The benefits from feeding raw bones.

Clean teeth and healthy gums.

Gnawing away at a raw bone helps to scrape plaque and tartar buildup off your dog’s teeth and chewing on the sinewy muscle tissue can act as a floss. Some pets may still need the assistance of regular brushing and dental care from a professional, but many pet parents report clean teeth on a raw diet that includes raw meaty bones.

Strong jaws.

Chewing on raw bones activates not only the muscles in your dog’s jaw, but in their neck and shoulders as well. If ever you can’t exercise your dog, whether they be recovering from an injury and can’t go for walks or maybe weather is keeping you house-bound, give them an indoor workout by feeding raw meaty bones.

Mental stimulation and endorphin release.

Dogs are carnivores with a natural desire to chew; it provides great mental stimulation for them and reduces endorphins – the happy hormone. Give them something healthy to gnaw on and they’ll be less likely to chew on something they’re not supposed to out of boredom.

Essential nutrients for healthy bodies.

Raw meaty bones are great natural sources of essential vitamins and minerals like calcium and phosphorus. And the smaller raw bones, like chicken frames and feet, are packed with collagen in their connective tissues.

How to choose the best raw bone for your dog.

Similar to the fact that not all bones are created equal, not every type of raw bone should be fed to every dog. Smaller dogs should be fed smaller bones, and vice versa. Generally speaking, you should size up on bones you are feeding so that your dog has to crunch down on the bone rather than swallowing it whole. For example, a medium-size dog may want to start with a duck neck or turkey neck as opposed to a chicken neck because they are slightly larger in size.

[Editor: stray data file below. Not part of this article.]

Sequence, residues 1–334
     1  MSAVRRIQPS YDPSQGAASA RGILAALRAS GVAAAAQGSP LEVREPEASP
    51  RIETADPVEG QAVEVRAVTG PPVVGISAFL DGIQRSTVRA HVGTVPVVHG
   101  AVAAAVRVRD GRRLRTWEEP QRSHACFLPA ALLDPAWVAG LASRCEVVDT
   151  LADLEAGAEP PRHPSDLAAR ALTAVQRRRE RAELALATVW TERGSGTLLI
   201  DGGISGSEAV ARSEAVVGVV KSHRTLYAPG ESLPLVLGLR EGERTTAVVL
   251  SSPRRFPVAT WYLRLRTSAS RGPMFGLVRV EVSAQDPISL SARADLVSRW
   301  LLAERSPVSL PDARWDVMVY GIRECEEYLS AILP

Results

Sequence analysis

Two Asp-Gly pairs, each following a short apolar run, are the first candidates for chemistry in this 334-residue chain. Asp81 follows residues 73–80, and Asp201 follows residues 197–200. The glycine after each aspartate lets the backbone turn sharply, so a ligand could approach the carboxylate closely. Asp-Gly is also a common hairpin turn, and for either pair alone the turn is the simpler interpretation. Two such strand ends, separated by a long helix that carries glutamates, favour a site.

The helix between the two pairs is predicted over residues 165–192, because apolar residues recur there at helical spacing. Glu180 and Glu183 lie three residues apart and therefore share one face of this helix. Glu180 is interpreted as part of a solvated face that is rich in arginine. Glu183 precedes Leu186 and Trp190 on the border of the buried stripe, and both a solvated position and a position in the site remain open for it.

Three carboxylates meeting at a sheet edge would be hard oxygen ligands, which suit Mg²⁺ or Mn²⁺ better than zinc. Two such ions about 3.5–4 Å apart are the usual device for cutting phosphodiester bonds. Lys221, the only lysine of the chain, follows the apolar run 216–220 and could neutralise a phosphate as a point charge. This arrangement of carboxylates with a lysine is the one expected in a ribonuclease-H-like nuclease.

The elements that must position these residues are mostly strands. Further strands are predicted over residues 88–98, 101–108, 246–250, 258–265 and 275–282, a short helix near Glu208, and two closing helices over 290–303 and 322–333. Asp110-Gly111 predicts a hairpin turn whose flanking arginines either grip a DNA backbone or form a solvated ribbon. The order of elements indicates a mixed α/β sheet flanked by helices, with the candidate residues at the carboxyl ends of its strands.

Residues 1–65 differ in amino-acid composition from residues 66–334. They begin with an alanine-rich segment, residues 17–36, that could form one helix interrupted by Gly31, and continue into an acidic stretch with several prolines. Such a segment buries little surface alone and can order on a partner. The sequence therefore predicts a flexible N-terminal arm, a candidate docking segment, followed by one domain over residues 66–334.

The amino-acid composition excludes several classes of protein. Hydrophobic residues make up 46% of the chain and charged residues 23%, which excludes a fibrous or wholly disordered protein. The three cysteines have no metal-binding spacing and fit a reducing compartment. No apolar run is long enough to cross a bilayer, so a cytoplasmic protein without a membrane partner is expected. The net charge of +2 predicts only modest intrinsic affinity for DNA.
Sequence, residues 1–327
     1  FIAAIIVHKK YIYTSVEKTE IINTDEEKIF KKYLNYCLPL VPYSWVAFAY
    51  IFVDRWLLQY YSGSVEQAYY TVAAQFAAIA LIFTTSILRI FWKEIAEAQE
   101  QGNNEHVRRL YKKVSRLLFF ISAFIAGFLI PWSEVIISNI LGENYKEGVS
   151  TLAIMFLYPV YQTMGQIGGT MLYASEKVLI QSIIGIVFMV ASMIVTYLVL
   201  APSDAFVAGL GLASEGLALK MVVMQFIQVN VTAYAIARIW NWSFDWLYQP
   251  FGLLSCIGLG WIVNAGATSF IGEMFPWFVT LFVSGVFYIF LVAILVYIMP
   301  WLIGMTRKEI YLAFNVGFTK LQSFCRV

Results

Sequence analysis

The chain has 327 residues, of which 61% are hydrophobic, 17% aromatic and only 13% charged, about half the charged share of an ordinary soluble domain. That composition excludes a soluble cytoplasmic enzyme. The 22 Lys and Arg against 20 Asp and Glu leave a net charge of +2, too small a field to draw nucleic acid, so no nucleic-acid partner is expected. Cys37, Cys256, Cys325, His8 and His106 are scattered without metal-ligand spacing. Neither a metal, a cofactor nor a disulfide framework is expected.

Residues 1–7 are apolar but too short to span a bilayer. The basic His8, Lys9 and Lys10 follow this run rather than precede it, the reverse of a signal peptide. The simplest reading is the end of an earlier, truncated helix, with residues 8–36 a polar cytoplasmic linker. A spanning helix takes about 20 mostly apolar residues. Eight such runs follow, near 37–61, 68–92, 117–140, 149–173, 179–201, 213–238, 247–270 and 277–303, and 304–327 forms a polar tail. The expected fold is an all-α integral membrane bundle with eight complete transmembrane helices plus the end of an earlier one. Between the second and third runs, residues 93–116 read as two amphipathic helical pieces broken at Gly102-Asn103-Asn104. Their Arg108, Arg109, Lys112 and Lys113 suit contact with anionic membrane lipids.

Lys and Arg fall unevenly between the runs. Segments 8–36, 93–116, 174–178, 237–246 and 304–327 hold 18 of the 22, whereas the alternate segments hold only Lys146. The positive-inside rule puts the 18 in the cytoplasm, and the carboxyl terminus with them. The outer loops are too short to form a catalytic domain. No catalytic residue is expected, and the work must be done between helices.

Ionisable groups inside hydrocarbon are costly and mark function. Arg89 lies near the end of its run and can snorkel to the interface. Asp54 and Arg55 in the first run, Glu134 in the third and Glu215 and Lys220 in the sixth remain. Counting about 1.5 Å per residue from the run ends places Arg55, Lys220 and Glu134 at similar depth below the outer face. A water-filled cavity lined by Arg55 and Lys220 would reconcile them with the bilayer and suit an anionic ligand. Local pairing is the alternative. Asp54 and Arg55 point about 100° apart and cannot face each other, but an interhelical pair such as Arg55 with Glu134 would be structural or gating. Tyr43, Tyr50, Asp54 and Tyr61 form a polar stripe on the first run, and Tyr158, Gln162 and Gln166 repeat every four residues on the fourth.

How often should I be feeding raw bone? 

Edible bone of any kind should never be fed as a full meal replacement, but rather incorporated into a raw diet that’s balanced over time. A good general rule of thumb to follow is that edible bone should make up 10% of a balanced diet in adult dogs, and 17% of a balanced diet in puppies. This percentage refers to the actual bone amount and does not include the meat on the bone. Recreational bones should be fed in moderation – at minimum it is generally recommended to rotate neck bones with other meaty bones (like frames, feet, necks, wings, etc.) every other day in a raw diet. Make sure to monitor your dog’s consumption of bones and keep an extra cautious eye on dogs that are more powerful chewers.

Can puppies eat bones too? 

The short answer: yes! Raw meaty bones are a great option to feed puppies. They receive all the nutritional benefits from the dense muscle meat and calcium-rich bone, while giving them something healthier to chew on than your favorite pair of sneakers or the leg of your coffee table while they’re teething. However, some puppies may need ground bone during teething if their mouths are sore enough that they refuse whole bones. Selecting the right raw bone for your puppy is similar to selecting the right raw bone for an adult dog, make sure it’s an appropriate size for the size of your pet – not too big, not too small. 

And of course, like dogs of all ages, puppies will need to be supervised when fed bones – never leave your pet alone while eating a bone or a chew of any kind.

How to safely store your raw bones. 

Storing and handling your raw food can be easy and safe as long as you follow a few simple food safety tips. For starters, all raw meat should be stored and thawed in its own dedicated containers and kept separate from food meant for human consumption. Raw bones should be stored frozen until you’re ready to feed them. You can feed partially frozen bones to give your dog more of a jaw workout while they chew, or you can wait until they’ve completely thawed in the refrigerator to feed. If your dog doesn’t finish their bone in one sitting, be sure to store it in its sealed container back in the fridge, and do not keep refrigerated for longer than 48 hours.  

Still have questions about feeding raw bones? We’re here to help!

Disclaimer: This blog is intended for educational purposes only. You are responsible for your pets’ health and safety. We encourage you to research topics further and consult with your Veterinarian or Pet Nutritionist before modifying your pets’ diet. If you’d like more one-on-one guidance, we offer consultation calls with our in-house raw feeding experts.